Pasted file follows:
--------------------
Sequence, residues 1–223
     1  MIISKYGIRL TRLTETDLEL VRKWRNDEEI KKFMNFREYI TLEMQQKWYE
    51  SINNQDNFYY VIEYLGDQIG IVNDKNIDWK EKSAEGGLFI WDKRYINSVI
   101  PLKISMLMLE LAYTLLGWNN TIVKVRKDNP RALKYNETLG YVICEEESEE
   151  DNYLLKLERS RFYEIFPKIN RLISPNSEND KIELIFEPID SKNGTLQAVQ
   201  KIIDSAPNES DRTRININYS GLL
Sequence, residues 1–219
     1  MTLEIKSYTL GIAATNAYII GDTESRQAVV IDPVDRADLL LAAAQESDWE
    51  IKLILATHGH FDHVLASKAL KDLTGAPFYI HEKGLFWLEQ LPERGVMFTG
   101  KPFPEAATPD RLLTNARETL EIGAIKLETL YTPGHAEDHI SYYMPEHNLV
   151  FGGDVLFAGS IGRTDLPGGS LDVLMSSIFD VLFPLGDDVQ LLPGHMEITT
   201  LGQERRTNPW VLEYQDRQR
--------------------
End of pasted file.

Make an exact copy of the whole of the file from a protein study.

Sequence, residues 1–223
     1  MIISKYGIRL TRLTETDLEL VRKWRNDEEI KKFMNFREYI TLEMQQKWYE
    51  SINNQDNFYY VIEYLGDQIG IVNDKNIDWK EKSAEGGLFI WDKRYINSVI
   101  PLKISMLMLE LAYTLLGWNN TIVKVRKDNP RALKYNETLG YVICEEESEE
   151  DNYLLKLERS RFYEIFPKIN RLISPNSEND KIELIFEPID SKNGTLQAVQ
   201  KIIDSAPNES DRTRININYS GLL
Sequence, residues 1–219
     1  MTLEIKSYTL GIAATNAYII GDTESRQAVV IDPVDRADLL LAAAQESDWE
    51  IKLILATHGH FDHVLASKAL KDLTGAPFYI HEKGLFWLEQ LPERGVMFTG
   101  KPFPEAATPD RLLTNARETL EIGAIKLETL YTPGHAEDHI SYYMPEHNLV
   151  FGGDVLFAGS IGRTDLPGGS LDVLMSSIFD VLFPLGDDVQ LLPGHMEITT
   201  LGQERRTNPW VLEYQDRQR